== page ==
Update on quetiapine in the treatment of bipolar disorder: results from the BOLDER studies
Authors Gajwani P, Muzina DJ, Kemp DE, Gao K, Calabrese JR
Published 15 January 2008 Volume 2007:3(6) Pages 847—853
Prashant Gajwani1, David J Muzina2, David E Kemp3, Keming Gao1, Joseph R Calabrese1
1Case Western Reserve University (CWRU) School of Medicine, 2Cleveland Clinic Lerner College of Medicine of CWRU, 3Case Western Reserve University, Cleveland OH, USA
Abstract: The essential features of bipolar affective disorder involve the cyclical occurrence of high (manic or hypomanic episodes) and low mood states. Depressive episodes in both bipolar I and II disorder are more numerous and last for longer duration than either manic or hypomanic episodes. In addition depressive episodes are associated with higher morbidity and mortality. While multiple agents, including all 5 atypical antipsychotics, have demonstrated efficacy and earned US FDA indication for manic phase of bipolar illness, the acute treatment of bipolar depression is less well-studied. The first treatment approved by the US FDA for acute bipolar depression was the combination of the atypical antipsychotic olanzapine and the antidepressant fluoxetine. Recently, quetiapine monotherapy has demonstrated efficacy in the treatment of depressive episodes associated with both bipolar I and II disorder and has earned US FDA indication for the same.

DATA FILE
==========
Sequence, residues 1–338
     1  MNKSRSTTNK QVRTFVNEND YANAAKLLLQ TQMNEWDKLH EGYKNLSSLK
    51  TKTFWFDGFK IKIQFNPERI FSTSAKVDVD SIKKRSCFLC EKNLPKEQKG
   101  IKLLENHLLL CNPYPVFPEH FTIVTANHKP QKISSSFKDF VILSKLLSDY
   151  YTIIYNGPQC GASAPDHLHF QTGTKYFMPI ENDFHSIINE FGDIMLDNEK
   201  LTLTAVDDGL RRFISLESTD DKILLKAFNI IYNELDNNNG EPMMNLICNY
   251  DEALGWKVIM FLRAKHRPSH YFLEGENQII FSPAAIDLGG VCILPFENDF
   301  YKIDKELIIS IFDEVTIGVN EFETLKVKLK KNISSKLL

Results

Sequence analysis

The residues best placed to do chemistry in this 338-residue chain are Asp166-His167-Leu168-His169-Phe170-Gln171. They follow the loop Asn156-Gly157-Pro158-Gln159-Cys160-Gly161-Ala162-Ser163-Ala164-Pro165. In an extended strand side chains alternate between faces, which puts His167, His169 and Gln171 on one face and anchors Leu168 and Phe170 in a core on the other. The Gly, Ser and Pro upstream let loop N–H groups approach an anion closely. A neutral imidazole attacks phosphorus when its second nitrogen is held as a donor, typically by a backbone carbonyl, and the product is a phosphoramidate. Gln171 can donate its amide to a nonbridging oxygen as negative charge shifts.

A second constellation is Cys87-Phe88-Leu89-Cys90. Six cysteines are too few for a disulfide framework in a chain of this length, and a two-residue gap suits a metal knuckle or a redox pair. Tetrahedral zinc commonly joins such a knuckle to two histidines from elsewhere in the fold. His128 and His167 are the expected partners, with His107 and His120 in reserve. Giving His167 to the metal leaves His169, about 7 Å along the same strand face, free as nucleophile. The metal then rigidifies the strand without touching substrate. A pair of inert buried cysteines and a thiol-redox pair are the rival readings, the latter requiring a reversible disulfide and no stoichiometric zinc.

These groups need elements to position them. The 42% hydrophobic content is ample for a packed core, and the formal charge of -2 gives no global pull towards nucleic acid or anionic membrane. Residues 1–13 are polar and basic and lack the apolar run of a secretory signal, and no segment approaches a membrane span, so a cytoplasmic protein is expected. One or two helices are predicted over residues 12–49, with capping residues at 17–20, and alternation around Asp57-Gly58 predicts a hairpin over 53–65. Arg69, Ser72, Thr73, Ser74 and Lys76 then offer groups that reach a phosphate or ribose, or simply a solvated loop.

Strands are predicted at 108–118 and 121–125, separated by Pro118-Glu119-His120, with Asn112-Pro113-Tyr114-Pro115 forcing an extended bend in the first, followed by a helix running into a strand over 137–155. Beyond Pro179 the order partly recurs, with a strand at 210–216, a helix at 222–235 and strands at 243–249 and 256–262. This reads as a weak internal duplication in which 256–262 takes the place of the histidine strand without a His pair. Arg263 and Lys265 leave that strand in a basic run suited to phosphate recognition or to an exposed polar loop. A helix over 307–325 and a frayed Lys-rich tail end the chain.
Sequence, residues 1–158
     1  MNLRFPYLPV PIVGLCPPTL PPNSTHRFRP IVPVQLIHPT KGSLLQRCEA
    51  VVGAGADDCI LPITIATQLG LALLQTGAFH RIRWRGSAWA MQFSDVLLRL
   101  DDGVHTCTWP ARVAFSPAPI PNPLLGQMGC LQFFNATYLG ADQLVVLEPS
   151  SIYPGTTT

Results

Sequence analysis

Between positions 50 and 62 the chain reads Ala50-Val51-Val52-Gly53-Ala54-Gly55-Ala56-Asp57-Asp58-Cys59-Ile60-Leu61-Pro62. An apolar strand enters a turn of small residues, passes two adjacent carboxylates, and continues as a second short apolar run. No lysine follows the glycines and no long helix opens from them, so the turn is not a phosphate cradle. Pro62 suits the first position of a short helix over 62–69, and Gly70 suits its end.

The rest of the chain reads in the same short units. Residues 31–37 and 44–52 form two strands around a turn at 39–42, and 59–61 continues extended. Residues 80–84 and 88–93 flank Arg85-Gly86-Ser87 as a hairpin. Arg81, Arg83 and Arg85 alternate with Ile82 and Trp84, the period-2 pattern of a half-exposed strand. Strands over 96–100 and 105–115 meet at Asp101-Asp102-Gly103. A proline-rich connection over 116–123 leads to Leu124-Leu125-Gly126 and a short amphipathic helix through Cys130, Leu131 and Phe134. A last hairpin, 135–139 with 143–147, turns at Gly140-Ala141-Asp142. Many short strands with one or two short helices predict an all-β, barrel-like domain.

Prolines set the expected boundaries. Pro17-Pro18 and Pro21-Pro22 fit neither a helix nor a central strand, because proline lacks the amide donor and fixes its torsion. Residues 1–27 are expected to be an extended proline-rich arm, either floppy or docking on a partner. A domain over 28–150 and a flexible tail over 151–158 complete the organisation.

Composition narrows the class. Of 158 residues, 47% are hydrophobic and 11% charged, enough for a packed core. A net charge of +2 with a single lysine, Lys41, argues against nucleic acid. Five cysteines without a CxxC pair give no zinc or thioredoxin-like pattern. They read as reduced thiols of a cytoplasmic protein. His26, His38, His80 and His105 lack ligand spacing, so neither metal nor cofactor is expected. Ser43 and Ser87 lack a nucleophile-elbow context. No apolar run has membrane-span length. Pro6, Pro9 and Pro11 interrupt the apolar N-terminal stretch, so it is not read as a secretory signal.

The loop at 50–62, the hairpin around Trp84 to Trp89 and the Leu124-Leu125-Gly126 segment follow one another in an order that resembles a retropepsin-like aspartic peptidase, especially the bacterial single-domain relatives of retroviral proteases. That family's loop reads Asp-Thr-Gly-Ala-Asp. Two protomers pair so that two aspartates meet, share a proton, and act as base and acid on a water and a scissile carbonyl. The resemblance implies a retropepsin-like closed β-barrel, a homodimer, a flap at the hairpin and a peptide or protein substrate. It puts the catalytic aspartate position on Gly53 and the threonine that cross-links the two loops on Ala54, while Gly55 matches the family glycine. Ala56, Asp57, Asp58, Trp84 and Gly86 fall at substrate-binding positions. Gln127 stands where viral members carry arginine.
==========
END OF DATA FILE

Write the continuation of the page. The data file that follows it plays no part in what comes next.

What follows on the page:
Keywords: bipolar disorder, quetiapine, BOLDER studies
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